First Earth-size planets discovered beyond our solar system
By Emily Price
December 21, 2011
NASA has discovered the first Earth-size planets outside of our solar system. The discovery was made as part of NASA's Kepler mission and involves the discovery of two planets currently named after the project: Kepler-20e and Kepler-20f.
If the Kepler name sounds familiar, that's because NASA also recently announced the discovery of Kepler-22b, the most Earth-like planet discovered to date. Kepler 22b is orbiting a star similar to our sun, and is capable of possessing liquid water, an essential feature for life to exist on a planet.
Unlike Kepler 22b, Kepler-20e and Kepler-20f are too close to their star to have water, and are thought to be uninhabitable.
According to NASA, Kepler-20e orbits its star/sun every 6.1 days and Kepler-20f every 19.6 days. These short orbital periods mean the surface of the planets are exceptionally hot. Kepler-20f, at 800 degrees Fahrenheit (427ºC), is comparable to Mercury in our solar system. The surface temperature of Kepler-20e, at more than 1,400 degrees Fahrenheit (760ºC), is hot enough that it could melt glass - not exactly a place you'd want to spend a weekend.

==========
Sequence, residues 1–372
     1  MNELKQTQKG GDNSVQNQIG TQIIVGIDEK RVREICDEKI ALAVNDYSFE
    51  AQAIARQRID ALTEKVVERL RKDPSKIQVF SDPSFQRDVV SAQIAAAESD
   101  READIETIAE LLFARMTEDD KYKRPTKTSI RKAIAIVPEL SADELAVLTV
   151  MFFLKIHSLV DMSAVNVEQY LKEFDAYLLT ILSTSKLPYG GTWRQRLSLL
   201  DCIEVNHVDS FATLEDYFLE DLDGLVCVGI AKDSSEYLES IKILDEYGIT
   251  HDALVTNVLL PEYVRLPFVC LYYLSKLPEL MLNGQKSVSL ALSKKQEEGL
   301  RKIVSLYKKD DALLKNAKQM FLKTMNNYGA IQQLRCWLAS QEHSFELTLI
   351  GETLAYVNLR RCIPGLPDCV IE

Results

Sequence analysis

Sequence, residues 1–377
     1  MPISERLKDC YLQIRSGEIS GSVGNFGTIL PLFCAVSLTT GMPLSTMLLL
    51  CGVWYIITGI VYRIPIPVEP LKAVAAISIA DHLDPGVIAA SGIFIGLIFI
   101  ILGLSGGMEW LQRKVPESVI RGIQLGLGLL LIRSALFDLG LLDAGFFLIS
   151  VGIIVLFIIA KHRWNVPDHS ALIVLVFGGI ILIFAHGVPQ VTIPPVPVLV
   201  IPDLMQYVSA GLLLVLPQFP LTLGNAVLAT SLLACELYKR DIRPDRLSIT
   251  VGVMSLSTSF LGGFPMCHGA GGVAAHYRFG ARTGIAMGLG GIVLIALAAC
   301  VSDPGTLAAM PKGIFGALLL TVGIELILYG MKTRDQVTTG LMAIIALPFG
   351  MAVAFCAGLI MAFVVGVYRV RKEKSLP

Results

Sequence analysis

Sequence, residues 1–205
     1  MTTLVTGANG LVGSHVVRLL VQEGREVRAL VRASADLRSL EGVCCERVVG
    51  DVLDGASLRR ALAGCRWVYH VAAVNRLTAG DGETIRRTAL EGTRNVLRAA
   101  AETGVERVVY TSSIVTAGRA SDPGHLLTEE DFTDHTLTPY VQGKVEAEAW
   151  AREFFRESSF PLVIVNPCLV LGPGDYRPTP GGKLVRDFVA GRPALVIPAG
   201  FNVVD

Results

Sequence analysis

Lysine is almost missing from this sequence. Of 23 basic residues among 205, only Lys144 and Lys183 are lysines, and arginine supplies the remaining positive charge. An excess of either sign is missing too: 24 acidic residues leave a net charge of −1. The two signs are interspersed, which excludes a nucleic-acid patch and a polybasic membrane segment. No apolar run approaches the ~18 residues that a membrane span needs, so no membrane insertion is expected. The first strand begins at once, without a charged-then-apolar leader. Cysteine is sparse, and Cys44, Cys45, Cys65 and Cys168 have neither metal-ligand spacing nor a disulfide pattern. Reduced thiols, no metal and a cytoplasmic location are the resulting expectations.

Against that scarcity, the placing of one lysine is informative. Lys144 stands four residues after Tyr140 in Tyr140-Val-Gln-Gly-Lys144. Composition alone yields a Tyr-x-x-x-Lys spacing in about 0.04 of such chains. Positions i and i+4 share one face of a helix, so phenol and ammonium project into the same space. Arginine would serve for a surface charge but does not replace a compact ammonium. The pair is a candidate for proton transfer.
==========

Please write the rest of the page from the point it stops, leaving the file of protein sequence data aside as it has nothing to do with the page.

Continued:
Kepler-20e and Kepler-20f are the fourth and fifth planets discovered as part of the Kepler solar system. Both are thought to be rocky, with Kepler-20e about the size of Venus (.87x Earth's size), with Kepler-20f measuring in slightly larger than Earth (1.03x Earth's size).
"The primary goal of the Kepler mission is to find Earth-sized planets in the habitable zone," said Francois Fressin of the Harvard-Smithsonian Center for Astrophysics in Cambridge, Mass., lead author of a new study published in the journal Nature. "This discovery demonstrates for the first time that Earth-size planets exist around other stars, and that we are able to detect them."
What do you think? Are there other Earth-like planets out there?
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